University of Fribourg
Av. de Beauregard 13
Walter Stoffel studied law at the University of Fribourg and Yale Law School. He wrote his dissertation on "Equal treatment Clauses of Foreigners and Nationals in Friendship Commerce and Navigation Treaties Concluded by Switzerland". In 1981 he took his bar exam and joined the law firm of Henrici, Weber und Wicki in Zurich.
In 1986 he completed his post-doctoral work at the University of Fribourg and received a professorship in the law faculty. Walter Stoffel has also taught at various other universities including the Université de Paris II, McGill University in Montreal, Deakin University in Melbourne and the University of Turin. From 1981 to 1987 Walter Stoffel served as vice-director of the Swiss Institute of Comparative Law in Lausanne and from 1994 to 2000 he was scientific director of the International Association of Legal Science.
Walter Stoffel is a member of the Competition Commission in the Swiss Federal Department of Economic Affairs and was president of the Swiss Competition Commission (January 1st 2003 through June 30th 2010). He is also a member of the Swiss Society for International Law and works on the editorial board of the Swiss Business Law Bulletin. He is Chief representative of Switzerland at the Competition Committee of the OECD as well as in other international organizations and institutions in the field of competition law. He also participated as a reporter or speaker in national and international legal conferences and symposiums in the fields of competition and company law, of international commercial and procedural law as well as comparative law.
Walter Stoffel has been a member of the Swiss Science and Technology Council since 2003. He was born on 12 December 1949. He is married and the father of three children.
- The manuals and commentaries include a presentation of the Law of the Stock Company (Grundriss des Aktienrechts, 3 rd ed., Zurich 2011, co-authored with R. von Büren, University of Bern and R. Weber, University of Zurich), Debt Enforcement and Bankruptcy (Voies d'exécution, 2 nd ed., Berne 2010), a treatise co-authored with I. Chabloz (in the second edition), a manual on the Law of Competition ( Kartellrecht [Weber, Stoffel, Zäch, Ducrey, Tercier, Richli, Zurkinden, Dähler], Basel/Geneva/MÃ¼nich 2000).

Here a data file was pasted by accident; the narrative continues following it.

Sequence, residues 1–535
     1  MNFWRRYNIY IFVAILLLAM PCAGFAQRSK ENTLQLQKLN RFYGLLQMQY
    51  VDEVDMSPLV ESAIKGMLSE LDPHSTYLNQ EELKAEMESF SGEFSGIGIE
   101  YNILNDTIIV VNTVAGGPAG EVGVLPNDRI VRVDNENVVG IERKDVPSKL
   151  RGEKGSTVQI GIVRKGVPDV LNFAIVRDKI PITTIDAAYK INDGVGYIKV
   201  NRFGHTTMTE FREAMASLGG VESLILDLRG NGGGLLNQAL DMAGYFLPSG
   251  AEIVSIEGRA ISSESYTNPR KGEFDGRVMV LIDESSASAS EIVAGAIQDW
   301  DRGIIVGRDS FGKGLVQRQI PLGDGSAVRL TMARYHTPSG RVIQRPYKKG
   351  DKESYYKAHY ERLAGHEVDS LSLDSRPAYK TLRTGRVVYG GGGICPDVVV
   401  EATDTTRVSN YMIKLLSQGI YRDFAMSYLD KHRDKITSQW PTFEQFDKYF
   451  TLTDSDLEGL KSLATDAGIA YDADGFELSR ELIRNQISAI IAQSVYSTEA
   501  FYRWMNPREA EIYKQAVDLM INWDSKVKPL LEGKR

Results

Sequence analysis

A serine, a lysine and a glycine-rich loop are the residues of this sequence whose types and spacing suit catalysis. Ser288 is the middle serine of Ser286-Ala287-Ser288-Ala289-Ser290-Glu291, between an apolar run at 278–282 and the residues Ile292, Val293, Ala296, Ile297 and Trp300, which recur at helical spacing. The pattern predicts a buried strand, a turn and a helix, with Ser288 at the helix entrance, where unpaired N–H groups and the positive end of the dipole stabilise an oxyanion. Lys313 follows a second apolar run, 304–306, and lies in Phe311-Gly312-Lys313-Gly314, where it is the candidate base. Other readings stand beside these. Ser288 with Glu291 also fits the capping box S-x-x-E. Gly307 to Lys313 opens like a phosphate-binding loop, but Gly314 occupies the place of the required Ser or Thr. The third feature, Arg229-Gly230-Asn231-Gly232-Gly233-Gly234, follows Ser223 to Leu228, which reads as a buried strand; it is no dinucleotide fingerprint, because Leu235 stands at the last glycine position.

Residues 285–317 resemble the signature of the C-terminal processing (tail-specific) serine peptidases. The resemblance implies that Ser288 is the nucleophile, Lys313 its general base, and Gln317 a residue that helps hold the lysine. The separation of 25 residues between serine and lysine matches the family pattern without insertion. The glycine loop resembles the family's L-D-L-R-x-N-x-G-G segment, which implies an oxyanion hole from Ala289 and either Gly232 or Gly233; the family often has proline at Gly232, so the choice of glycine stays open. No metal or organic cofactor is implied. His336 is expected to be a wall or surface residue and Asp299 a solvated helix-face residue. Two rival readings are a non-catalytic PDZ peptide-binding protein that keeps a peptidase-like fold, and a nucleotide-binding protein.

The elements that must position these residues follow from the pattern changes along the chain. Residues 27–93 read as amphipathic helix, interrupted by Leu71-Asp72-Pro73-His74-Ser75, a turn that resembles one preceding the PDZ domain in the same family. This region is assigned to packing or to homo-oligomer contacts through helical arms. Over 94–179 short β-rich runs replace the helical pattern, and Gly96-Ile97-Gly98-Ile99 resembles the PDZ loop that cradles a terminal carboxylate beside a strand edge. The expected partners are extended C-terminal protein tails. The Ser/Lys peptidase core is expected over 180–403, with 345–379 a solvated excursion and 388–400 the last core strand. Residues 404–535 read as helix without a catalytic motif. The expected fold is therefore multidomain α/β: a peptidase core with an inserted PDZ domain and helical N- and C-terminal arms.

- Most of the articles, written in French or in German, or in English, deal with the Law of Corporations and the Law of Competition as well as International Law, particularly International Law of Contracts and Corporations.
articles in English include
Law, Control and Delegation (Mélanges Marco Borghi, Bern 2011);
Swiss Competition Law:
Where from and where to? (Mélanges Pierre Tercier, Zurich 2008, pp. 677-690);
Mergers in Small Economies, (International Antitrust Law & Policy, Annual Proceedings of the Fordham Competition Law Institute 2007, pp. 319-334);
"Extra-Territoriality" of Competition Law, (Liber Amicorum Luzius Wildhaber, Zurich 2007, pp. 1563-1577);
Corporate Autonomy and Market Regulations (Essays in Honour of A.T. von Mehren, Ardsley, New York 2002, pp. 399);
Enlightened Decision Making, 75 Tulane L.R. 1195 
(for the Spring 2018 profile, please click here)
600 New Jersey Avenue N.W.
After graduating from law school, where he was Articles and Book Reviews Editor of the Columbia Law Review, Professor Vazquez served as a law clerk to the Honorable Stephen Reinhardt of the U.S. Court of Appeals for the Ninth Circuit. He then practiced law with Covington and Burling in Washington, DC, before joining the law school faculty as a visiting professor of law in 1990, and then as an associate professor in 1991. From 2000 to 2003, he was the United States member of the Inter-American Juridical Committee, the organ of the Organization of American States responsible for juridical matters and for promoting the progressive development and codification of international law in the Americas. Professor Vazquez has written and taught primarily in the areas of international law, constitutional law, and federal courts.
Forthcoming Works and Works in Progress
- Carlos M. Vázquez &Stephen I. Vladeck, The Constitutional Right to Collateral Post-Conviction Review, 103 Va. L. Rev. (forthcoming). [SSRN]
- Carlos M. Vázquez, Habeas as Forum Allocation: A New Synthesis, (working paper). [SSRN] [Gtown Law]
- Carlos M. Vázquez, Out-Beale-Ing Beale, (working paper). [SSRN] [Gtown Law]
Contributions to Law Reviews and Other Scholarly Journals
- Carlos M. Vázquez, Four Problems with the Draft Restatement's Treatment of Treaty Self-Execution, 2015 BYU L. Rev. 1747-1799. [W] [SSRN] [Gtown Law]
M. Vázquez &Catherine Powell, Introduction
to Symposium on the International Legal Obligation to Criminalize Marital
Rape, 109 Am. J. Int'l L. (Unbound) 187-188